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    • "Though BD is an episodic illness, individuals with BD suffer from depressive symptoms up to 32% of the time, and manic symptoms about 9% of the time (Judd et al., 2002). Subsyndromal and mixed symptoms are prevalent, and contribute to restricting the effort of individuals with BD to achieve life goals in areas such as education, occupation, and personal relationships (Judd et al., 2005). Poor sleep quality is a state marker and symptom of depressive and manic episodes (Goodwin and Jamison, 2007). "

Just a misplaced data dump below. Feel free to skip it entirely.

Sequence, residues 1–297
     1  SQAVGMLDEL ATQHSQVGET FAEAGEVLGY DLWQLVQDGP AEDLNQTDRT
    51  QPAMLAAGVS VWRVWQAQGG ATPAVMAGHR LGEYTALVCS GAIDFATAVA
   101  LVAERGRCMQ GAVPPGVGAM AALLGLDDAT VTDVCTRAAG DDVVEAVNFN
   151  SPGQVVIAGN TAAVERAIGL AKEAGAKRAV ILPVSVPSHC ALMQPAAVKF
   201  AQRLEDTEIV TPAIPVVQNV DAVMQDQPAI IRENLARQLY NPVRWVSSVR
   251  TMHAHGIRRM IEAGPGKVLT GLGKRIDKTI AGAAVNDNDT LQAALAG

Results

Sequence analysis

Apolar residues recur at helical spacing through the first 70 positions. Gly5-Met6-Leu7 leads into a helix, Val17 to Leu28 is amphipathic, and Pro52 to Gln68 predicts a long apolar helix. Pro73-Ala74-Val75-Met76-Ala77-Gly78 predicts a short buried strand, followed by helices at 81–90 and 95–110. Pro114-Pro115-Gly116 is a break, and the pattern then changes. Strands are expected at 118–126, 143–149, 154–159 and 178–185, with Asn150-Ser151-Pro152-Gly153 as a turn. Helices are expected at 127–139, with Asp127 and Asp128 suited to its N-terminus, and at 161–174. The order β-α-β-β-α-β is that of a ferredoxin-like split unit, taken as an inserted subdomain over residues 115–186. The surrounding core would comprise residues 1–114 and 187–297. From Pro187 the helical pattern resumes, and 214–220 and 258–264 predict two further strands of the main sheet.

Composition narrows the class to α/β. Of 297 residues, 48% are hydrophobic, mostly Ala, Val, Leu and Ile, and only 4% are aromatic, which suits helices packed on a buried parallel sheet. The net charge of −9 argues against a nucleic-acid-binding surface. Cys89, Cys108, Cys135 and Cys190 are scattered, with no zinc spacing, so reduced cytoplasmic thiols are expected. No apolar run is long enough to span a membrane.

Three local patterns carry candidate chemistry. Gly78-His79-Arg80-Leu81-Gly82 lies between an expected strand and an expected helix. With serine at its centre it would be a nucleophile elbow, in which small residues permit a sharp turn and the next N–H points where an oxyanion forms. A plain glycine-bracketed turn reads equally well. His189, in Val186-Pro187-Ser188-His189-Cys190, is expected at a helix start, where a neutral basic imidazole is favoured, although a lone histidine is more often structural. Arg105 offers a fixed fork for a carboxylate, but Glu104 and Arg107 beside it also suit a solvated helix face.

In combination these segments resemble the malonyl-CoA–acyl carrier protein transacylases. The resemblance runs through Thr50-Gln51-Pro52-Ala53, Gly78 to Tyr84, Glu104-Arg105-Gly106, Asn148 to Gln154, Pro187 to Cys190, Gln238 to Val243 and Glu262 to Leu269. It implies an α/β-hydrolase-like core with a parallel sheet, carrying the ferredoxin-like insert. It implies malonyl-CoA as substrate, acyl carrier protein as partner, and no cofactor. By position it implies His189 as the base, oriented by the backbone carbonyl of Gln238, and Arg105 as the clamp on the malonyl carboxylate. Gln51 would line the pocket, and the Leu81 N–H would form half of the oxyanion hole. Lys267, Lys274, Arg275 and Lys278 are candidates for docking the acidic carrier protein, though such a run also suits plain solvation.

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    ABSTRACT: Sleep disturbance is bi-directionally related to mood de-stabilization in bipolar disorder (BD), and sleep quality differs in men and women. We aimed to determine whether perception of poor sleep quality would have a different effect on mood outcome in men versus women. We assessed association between sleep quality (Pittsburgh Sleep Quality Index (PSQI)) at study intake and mood outcome over 2 years in subjects from the Prechter Longitudinal Study of Bipolar Disorder (N=216; 29.6% males). The main outcome measure was the severity, variability, and frequency of mood episodes measured by self-report over 2 years of follow-up. Multivariable linear regression models stratified by sex examined the relationship between PSQI with mood outcomes, while age, stressful life events, mood state and neuroticism at baseline were controlled. In women, poor sleep quality at baseline predicted increased severity (B=0.28, p<0.001) and frequency of episodes (B=0.32, p<0.001) of depression, and poor sleep quality was a stronger predictor than baseline depression; poor sleep quality predicted increased severity (B=0.19, p<0.05) and variability (B=0.20, p<0.05) of mania, and frequency of mixed episodes (B=0.27, p<0.01). In men, baseline depression and neuroticism were stronger predictors of mood outcome compared to poor sleep quality. We measured perception of sleep quality, but not objective changes in sleep. In a longitudinal study of BD, women reported poorer perceived sleep quality than men, and poor sleep quality predicted worse mood outcome in BD. Clinicians should be sensitive to addressing sleep complaints in women with BD early in treatment to improve outcome in BD. Copyright © 2015. Published by Elsevier B.V.